Honestly, some people.

WITH THE notable exception of the saintly Dr John Sentamu, when did you actually see a bishop? You know, a proper one - big fella, pointy hat, lots of purple velvet? No, I thought not.

Admittedly the rip-roaring Rt Rev Tom Butler made the news a couple of years ago when he spent too long at a reception at the Irish Embassy and subsequently climbed into the back of a stranger’s car, threw his children’s toys out and roared: “I’m the Bishop of Southwark. It’s what I do!” But apart from that, you don’t see much of them, do you?

There’s that Weird Beard chap who wants to adopt a legal system whereby shoplifters get their hands chopped off (not altogether a bad thing) but would also have all the gays hung from lampposts (probably not a good thing). He also thinks that there should be a salary cap on the rich, which is a bit … err … rich coming from a bloke who costs the Church of England over £1,000,000 a year on his own.

Yes, that’s right, the 44 CoE bishops, their palaces, offices and support staff – including cooks, gardeners and chauffeurs - cost the church just under £20 million last year, double what they cost in 1997.

Now that’s an awful lot of money, especially when you think that whenever I roll up at my own village church (Christmas Eve, weddings and funerals if I’m honest) I’m immediately blackmailed into coughing up a few quid for the leaking roof or the disintegrating windows. And it’s not as if our Vicar is coining it; he’s never seen so much of his parishioners since we all got frightened by the credit crunch and fled Waitrose to join him down at Netto.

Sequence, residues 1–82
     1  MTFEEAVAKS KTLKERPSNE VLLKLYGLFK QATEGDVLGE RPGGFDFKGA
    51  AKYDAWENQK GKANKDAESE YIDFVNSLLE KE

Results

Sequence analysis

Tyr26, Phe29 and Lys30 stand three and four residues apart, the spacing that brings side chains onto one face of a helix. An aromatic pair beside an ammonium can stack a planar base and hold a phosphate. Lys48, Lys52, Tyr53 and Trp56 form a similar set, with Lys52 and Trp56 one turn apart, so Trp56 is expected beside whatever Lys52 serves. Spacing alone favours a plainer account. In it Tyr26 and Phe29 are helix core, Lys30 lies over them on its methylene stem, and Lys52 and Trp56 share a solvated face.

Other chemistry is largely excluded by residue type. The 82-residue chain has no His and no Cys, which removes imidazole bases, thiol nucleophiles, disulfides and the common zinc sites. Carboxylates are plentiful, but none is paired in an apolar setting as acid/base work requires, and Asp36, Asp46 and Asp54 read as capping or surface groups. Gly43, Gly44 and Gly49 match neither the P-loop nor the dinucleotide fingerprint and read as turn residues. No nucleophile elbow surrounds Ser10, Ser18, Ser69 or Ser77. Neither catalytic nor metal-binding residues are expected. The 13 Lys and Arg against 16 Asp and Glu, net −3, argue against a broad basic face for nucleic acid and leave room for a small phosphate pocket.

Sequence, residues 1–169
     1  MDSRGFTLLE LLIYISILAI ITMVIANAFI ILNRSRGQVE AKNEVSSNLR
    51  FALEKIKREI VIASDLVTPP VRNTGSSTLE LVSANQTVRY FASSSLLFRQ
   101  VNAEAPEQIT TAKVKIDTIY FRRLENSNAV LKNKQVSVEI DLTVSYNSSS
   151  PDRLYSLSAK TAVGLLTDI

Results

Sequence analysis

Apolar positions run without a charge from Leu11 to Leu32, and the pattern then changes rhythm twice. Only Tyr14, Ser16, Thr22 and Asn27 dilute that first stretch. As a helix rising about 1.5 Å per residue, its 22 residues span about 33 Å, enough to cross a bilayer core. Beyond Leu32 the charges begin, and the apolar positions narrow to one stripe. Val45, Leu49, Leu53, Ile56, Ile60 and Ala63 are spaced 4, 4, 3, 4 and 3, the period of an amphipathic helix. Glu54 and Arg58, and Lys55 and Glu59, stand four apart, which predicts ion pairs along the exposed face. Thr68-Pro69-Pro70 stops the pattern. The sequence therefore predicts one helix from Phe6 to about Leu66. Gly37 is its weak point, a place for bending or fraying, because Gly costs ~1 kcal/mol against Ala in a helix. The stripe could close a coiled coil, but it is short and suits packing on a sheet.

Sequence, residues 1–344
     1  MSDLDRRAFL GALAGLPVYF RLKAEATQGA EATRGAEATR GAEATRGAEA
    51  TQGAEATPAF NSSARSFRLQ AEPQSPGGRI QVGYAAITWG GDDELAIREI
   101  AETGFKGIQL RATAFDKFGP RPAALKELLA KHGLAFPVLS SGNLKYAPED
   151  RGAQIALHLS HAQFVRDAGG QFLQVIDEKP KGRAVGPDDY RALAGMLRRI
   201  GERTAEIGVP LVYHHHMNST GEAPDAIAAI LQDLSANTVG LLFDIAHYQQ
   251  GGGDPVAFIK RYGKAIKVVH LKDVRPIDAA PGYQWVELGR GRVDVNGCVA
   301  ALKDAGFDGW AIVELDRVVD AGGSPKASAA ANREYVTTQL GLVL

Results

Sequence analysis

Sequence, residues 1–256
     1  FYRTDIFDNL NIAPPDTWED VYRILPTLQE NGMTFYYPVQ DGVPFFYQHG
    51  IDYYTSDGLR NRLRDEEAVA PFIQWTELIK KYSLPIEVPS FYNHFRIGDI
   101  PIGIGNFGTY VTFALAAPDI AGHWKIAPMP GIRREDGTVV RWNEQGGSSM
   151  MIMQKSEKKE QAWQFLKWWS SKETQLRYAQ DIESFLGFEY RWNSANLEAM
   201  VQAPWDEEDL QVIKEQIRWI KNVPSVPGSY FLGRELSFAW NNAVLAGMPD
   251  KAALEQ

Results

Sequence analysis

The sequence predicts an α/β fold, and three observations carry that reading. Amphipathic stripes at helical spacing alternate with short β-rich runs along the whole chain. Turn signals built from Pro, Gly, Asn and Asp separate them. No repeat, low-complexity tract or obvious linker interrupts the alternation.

So forgive me if I cross to the other side of the road the next time the CoE pleads poverty, because it’s clearly not poor – it’s just spending its money in a profligate and perverse manner.

Tuesday, May 13, 2008

Nailing the nation's most wanted

GOOD EVENING and welcome to Crimewatch, where the nation’s most dangerous criminals are named, shamed and subjected to general opprobrium.

First in the metaphorical stocks this week is that threat to society, Linda Jackson of Chaddesden, Derby, who was threatened with eviction from her council house of 17 years for the heinous crime of … not mowing the lawn. The fact that it had been raining constantly, that we’re not talking knee-high here, or that Linda, 42, usually mows the grass every two weeks, cut no ice with her city council landlords. Mow or go was the message. Tough on crime; tough on the causes of slightly long grass.

This is zero tolerance. Crack down on the little things and the big things won’t happen is the theory. And that’s why I don’t have any sympathy for Rachel McKenzie, 54, an archbishop’s secretary from London, who may end up with a criminal record after being caught under-paying her bus fare by 20 pence.

McKenzie wilfully boarded the Number 12 from East Dulwich to Southwark and swiped her pre-paid Oyster card over a reader next to the driver, not noticing that the machine had beeped to indicate that she had insufficient money on the card to pay the 90 pence fare. Sorry, love, but ignorance is no defence.

When an inspector checked her card and found it wanting, McKenzie offered to pay the difference in cash, but her offer was declined. A summons was duly issued and this dangerous criminal will now appear before Sutton magistrates on May 22.

Her legal adviser describes the case as “a scandalous abuse of the court system”. McKenzie herself says: “It reminds me of the days when people used to get transported to Australia for stealing a loaf of bread.”

Count your blessings, woman. If you can’t do the time, don’t do the crime.

And this utter disregard for the law of the land rumbles on. Take 82-year-old Parkinson’s disease sufferer Jean Raine from Kendal, Cumbria. When she felt unwell during a shopping trip, she dozed off in her car which was legally parked in a disabled space.

Fortunately for the safety of us all, a sharp-eyed traffic warden noticed that her disabled parking badge was upside down and duly issued a £35 penalty charge notice, taking care not to wake the sleeping felon as he slapped it on the windscreen.

Was she grateful for this considerate attitude? Was she heck. “I cannot understand why the parking attendant didn’t wake me up,” she moaned. “He must have been on tiptoes – so quiet that he didn’t disturb me.”